Monday, August 1, 2011
What is faith? Or what kind of faith do we talk about when we deal with matters of faith in Christianity? The answer will be neither easy nor simple. But we have to consider complexities involved with the concept of faith because no word or concept is made out of context. When I wrote my book, A Theological Introduction to Paul’s Letters: Exploring a Threefold Theology of Paul (Cascade Books, 2011), one of my concerns has to do with the familiar notion of faith. The following is an excerpt from my book, page 64:
Excursus: “History of Faith”
“The Hebrew word for faith is emunah (for example, Hab 2:4: “The one who is righteous shall live by faith”), whose basic meaning has to do with faithfulness, fidelity, or steadfastness. All of these involve a person’s cost and time, as Abraham paid such a price in living his lifelong journey of steadfastness to God. In the New Testament, the Greek word for faith is pistis, whose basic meaning also has to do with faithfulness, fidelity, or commitment. … One of the problems in English translation is that there is no equivalent English verb for the Greek verb pisteuo, whose noun is pistis (faith). The closest thing in English might be a form like “faithize.” … …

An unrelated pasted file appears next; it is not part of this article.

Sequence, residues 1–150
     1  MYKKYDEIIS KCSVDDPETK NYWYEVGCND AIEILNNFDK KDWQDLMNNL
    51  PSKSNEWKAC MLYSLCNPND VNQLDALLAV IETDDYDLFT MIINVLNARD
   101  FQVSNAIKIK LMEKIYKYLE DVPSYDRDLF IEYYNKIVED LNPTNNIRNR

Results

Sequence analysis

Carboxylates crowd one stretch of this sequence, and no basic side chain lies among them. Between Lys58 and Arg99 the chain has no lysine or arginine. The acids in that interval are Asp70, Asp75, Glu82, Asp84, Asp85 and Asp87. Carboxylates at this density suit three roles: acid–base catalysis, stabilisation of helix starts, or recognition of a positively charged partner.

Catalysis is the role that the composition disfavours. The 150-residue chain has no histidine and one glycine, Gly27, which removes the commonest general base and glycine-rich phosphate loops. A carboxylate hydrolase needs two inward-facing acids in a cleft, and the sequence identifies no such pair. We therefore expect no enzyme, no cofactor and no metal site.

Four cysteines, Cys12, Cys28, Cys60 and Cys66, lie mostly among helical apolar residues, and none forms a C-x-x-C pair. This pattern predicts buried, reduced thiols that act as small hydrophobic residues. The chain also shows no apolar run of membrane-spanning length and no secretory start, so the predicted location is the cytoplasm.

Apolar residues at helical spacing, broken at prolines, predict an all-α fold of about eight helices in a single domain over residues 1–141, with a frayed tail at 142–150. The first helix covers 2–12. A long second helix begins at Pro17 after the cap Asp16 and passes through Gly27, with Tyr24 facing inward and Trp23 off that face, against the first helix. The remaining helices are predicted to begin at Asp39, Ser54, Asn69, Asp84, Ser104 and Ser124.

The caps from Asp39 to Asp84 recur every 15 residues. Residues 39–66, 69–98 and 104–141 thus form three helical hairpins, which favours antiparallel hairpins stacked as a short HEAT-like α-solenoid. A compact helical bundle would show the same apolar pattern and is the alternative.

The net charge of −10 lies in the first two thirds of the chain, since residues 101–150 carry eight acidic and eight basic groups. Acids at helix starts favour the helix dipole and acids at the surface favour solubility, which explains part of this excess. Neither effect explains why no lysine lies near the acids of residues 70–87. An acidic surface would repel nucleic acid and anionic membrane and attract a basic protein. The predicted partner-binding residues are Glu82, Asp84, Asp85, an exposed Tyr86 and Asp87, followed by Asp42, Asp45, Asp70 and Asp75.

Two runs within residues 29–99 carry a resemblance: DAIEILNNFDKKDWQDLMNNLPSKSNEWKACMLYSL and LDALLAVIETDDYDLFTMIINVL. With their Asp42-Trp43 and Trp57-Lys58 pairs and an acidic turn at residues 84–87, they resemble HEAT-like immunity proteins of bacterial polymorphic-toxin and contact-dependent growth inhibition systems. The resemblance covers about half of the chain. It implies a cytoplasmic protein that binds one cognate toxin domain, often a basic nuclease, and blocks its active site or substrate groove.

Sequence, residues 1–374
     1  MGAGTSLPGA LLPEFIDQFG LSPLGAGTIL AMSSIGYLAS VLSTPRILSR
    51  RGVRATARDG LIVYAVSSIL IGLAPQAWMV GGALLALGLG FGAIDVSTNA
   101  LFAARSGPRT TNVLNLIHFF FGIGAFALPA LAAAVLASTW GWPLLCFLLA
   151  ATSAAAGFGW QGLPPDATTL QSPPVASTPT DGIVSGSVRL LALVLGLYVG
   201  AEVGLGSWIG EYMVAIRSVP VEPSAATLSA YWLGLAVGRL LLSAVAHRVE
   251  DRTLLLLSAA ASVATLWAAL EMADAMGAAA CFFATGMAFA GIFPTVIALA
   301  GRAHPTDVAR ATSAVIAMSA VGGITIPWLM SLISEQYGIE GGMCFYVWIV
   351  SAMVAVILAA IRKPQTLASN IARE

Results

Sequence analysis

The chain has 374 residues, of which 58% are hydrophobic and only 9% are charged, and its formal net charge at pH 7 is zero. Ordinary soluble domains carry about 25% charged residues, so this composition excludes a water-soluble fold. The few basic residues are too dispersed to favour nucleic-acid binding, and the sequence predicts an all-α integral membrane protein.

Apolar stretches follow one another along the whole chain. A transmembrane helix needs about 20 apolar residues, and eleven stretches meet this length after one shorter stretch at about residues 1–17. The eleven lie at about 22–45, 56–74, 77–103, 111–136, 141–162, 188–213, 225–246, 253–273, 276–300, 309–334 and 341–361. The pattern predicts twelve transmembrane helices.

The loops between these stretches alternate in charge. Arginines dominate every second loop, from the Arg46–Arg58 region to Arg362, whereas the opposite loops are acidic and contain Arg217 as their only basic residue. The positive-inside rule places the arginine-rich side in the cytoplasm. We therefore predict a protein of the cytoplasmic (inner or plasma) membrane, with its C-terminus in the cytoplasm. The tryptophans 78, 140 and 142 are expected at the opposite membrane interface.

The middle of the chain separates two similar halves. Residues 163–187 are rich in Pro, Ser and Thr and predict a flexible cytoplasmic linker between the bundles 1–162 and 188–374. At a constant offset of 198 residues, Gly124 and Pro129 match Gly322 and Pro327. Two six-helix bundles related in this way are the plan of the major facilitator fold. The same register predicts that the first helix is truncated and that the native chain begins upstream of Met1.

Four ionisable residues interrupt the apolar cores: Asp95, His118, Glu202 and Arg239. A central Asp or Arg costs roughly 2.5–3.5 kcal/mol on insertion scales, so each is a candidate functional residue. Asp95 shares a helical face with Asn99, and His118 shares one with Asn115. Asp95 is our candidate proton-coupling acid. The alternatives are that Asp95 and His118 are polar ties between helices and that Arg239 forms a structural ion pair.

For more, read A Theological Introduction to Paul’s Letters: Exploring a Threefold Theology of Paul (Cascade Books, 2011), p. 64. Visit the book information page too.